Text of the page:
Trump shares plan for Republican victories, punts on candidacy

by mcardinal

Lauren Moye, FISM News

 

Former President Donald Trump said in an interview on Tuesday that he wasn’t interested in the role of House Speaker and laid out a plan for Republicans to regain control of Congress while saying he would wait to decide on his own political future until after the midterms.

Trump’s strategy touched on inflation, energy prices, surging crime, and more. It’s the latest hint at a potential Trump 2024 presidential election bid, an event that might leave Democrats scrambling to capture the loyalty of independent voters.

The 45th president was interviewed on Tuesday night’s episode of Just the News.  When asked about taking on the role of House Speaker if Republicans successfully recapture Congress in the mid-terms – a prospect multiple Republicans have floated recently – Trump said, “It’s not something I want.”

Instead, he promoted a campaign plan for Republicans to succeed in the next two elections. He noted the weak points of recent liberal policies as being bad on religious and second amendment rights. He also added, “They have no voter ID, defund the police, sanctuary cities, weak military, we’re gonna raise your taxes, no energy independence.”

A big concern for Democrats this campaign season is inflation. While inflation impacts all Americans, it has devastating effects on some minority voters who traditionally side with Democrats. A recent Axios-Ipsos Poll on Latino voters highlighted this stumbling block, as 34% of respondents listed inflation as their top priority, which is a huge jump from the 22% who listed it as the main concern in December.

Trump detailed his plan to get inflation back under control, saying that improving energy independence is crucial for combatting high inflation. He told Just the News that if gas prices go down, “other parts of inflation” will also go down.

The former president discussed how he thought it was more likely for the House to flip red than the Senate in the mid-terms. He pinned the blame for the difficulty to make progress in the Senate on the leadership of Senate Minority Leader Mitch McConnell, who Trump called “terrible for our country.”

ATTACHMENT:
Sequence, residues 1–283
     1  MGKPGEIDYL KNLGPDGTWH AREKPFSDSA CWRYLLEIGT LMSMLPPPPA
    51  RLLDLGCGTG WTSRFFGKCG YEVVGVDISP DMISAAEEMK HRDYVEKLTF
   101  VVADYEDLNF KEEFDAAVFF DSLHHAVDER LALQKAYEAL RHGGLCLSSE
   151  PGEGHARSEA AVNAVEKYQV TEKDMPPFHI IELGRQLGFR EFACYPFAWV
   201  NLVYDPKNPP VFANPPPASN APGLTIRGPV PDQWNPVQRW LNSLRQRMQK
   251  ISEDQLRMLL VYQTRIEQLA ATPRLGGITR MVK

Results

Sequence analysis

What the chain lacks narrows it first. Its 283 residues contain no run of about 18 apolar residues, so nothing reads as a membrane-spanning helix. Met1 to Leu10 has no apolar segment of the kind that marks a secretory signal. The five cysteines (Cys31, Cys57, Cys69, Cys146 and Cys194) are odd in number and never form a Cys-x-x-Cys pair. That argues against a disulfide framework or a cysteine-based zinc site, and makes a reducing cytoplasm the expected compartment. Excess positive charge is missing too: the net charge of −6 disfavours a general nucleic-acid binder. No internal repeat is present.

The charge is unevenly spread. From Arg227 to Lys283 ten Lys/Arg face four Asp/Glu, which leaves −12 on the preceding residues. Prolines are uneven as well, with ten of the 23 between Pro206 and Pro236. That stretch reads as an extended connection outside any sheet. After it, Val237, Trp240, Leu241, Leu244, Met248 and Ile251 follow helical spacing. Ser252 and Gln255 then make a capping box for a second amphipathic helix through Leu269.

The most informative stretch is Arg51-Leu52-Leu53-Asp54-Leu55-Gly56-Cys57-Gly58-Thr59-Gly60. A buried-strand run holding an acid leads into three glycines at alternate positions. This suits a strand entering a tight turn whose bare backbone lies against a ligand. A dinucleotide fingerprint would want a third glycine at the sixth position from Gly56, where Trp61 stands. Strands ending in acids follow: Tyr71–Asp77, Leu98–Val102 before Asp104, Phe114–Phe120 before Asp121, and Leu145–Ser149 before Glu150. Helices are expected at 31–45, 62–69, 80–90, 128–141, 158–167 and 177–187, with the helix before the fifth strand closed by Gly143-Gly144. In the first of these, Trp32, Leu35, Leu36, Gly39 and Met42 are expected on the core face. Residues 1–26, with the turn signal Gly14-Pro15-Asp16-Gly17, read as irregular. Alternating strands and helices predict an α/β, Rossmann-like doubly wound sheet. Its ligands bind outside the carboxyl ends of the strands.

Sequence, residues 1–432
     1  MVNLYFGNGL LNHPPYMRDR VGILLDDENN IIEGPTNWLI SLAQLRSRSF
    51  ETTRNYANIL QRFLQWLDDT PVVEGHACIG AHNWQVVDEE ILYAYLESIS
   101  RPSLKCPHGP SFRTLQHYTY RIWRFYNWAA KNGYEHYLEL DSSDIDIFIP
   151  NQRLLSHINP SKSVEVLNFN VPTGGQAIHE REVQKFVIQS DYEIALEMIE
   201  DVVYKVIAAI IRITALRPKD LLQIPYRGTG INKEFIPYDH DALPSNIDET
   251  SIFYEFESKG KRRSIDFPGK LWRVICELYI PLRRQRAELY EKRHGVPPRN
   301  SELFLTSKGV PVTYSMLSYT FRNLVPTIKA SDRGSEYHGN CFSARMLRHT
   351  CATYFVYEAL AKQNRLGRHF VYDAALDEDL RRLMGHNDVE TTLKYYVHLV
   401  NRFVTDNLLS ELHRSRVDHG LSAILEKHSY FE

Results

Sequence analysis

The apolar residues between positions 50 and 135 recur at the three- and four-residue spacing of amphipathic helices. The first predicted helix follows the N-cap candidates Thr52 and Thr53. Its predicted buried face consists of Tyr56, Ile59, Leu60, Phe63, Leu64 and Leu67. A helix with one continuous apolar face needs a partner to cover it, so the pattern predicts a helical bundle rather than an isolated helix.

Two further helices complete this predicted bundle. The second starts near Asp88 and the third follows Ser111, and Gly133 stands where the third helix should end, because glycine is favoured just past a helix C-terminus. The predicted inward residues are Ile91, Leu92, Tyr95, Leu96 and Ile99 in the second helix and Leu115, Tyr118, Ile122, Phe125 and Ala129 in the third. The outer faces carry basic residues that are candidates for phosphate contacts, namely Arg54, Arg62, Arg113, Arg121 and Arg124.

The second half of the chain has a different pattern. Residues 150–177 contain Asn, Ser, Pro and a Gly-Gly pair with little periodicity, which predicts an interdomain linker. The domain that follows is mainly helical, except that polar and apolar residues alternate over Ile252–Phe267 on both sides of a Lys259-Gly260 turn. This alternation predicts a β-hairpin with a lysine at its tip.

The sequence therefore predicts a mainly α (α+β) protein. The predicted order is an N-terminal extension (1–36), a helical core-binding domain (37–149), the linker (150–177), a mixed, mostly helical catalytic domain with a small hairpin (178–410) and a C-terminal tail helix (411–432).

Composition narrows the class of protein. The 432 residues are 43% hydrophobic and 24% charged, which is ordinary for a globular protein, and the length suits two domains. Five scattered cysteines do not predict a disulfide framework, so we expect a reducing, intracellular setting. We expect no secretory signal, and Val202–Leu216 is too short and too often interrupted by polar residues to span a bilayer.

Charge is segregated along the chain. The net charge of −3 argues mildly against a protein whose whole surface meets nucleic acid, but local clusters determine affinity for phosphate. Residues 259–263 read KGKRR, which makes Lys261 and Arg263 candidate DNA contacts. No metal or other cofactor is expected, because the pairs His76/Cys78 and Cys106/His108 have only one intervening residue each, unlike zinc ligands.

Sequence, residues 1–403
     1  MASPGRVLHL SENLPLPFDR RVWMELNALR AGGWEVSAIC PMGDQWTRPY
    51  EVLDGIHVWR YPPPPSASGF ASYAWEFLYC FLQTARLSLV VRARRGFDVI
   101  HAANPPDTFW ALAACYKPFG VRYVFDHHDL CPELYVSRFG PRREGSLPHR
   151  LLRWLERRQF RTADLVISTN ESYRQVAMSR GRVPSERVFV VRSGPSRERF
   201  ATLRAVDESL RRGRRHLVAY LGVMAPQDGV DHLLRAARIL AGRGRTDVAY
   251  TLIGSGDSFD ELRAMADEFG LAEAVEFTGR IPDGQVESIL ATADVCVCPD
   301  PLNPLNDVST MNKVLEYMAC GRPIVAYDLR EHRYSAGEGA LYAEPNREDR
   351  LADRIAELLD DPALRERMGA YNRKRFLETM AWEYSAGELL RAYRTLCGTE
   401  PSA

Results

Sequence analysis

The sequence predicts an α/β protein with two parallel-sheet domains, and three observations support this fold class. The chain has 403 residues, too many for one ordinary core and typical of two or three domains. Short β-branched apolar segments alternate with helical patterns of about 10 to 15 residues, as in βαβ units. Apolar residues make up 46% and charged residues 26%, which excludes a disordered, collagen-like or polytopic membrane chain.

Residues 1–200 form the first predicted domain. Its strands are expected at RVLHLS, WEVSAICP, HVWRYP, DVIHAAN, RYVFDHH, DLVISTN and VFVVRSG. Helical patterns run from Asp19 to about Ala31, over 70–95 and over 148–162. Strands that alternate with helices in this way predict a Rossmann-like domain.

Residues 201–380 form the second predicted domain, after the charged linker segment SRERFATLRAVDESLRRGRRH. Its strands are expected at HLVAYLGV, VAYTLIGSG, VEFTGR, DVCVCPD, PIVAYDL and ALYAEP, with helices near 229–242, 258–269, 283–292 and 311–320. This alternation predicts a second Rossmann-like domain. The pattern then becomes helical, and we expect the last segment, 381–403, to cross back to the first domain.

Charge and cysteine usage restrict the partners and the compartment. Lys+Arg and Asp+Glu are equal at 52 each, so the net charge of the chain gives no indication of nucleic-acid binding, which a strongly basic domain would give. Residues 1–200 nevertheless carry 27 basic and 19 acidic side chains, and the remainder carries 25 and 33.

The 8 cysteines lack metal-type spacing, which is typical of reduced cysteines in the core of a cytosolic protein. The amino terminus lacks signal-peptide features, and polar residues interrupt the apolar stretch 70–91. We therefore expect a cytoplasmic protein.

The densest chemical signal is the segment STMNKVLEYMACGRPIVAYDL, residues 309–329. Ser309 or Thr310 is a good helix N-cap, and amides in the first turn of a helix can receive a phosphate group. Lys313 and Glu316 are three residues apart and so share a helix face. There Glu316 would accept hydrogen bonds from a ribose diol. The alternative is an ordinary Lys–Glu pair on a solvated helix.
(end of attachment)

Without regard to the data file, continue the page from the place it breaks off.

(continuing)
In other areas of the interview, he also championed voter-id laws like Texas and Florida, the need to stabilize geopolitical relations in the Pacific by expanding NATO’s mission, and how the Biden administration’s hasty retreat from Afghanistan most likely contributed to Russian President Vladimir’s decision to invade Ukraine on Feb. 24.

At one point, Trump said that the U.S. needed to “seal up” the southern border but also had to put pressure on foreign countries to remove citizens from the U.S. who migrated illegally. Trump claimed that “almost all” of the 140 countries represented by illegal immigrants were “letting their prisoners out into the United States.” He said this was one reason why a secure border was no longer enough to protect national security, and advocated withholding foreign aid to the countries until they helped extract these criminals.

Despite detailing plans on how to “Make America Great Again” throughout the wide-ranging interview, Trump said he wouldn’t decide on a 2024 presidential bid until after the mid-terms. If Trump does choose to run, it might prove catastrophic for liberals. 

The Hill detailed findings of an exclusive Harvard CAPS-Harris Poll that revealed that Trump leads Biden 47% to 41% among voters in a hypothetical 2024 run-off. A significant 12% of voters are undecided between the two according to the results, which hints that there will be a significant battle to pull independents and moderates to their side. The same poll also found that Biden’s current approval rating currently sits at a dismal 39%.

The results are even more devastating for Democrats if the 2024 election shapes into a contest between Trump and Vice President Kamala Harris. In that scenario, Trump earned 49% of the votes with only 13% of poll respondents undecided.

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